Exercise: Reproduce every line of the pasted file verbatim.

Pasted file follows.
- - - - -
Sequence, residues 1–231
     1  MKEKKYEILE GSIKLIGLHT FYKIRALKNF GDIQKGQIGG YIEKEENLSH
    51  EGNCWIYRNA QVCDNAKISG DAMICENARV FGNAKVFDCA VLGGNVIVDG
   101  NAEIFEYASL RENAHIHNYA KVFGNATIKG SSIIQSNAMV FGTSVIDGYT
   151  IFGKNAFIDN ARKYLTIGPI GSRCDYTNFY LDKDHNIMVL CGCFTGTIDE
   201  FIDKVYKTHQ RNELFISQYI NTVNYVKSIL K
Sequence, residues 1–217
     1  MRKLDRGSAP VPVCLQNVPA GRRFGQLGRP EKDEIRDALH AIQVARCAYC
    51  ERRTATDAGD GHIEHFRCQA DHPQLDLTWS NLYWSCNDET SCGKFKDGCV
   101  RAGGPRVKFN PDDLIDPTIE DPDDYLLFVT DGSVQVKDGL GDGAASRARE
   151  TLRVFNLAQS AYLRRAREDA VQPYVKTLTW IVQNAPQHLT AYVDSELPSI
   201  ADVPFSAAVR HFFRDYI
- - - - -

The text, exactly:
Sequence, residues 1–231
     1  MKEKKYEILE GSIKLIGLHT FYKIRALKNF GDIQKGQIGG YIEKEENLSH
    51  EGNCWIYRNA QVCDNAKISG DAMICENARV FGNAKVFDCA VLGGNVIVDG
   101  NAEIFEYASL RENAHIHNYA KVFGNATIKG SSIIQSNAMV FGTSVIDGYT
   151  IFGKNAFIDN ARKYLTIGPI GSRCDYTNFY LDKDHNIMVL CGCFTGTIDE
   201  FIDKVYKTHQ RNELFISQYI NTVNYVKSIL K
Sequence, residues 1–217
     1  MRKLDRGSAP VPVCLQNVPA GRRFGQLGRP EKDEIRDALH AIQVARCAYC
    51  ERRTATDAGD GHIEHFRCQA DHPQLDLTWS NLYWSCNDET SCGKFKDGCV
   101  RAGGPRVKFN PDDLIDPTIE DPDDYLLFVT DGSVQVKDGL GDGAASRARE
   151  TLRVFNLAQS AYLRRAREDA VQPYVKTLTW IVQNAPQHLT AYVDSELPSI
   201  ADVPFSAAVR HFFRDYI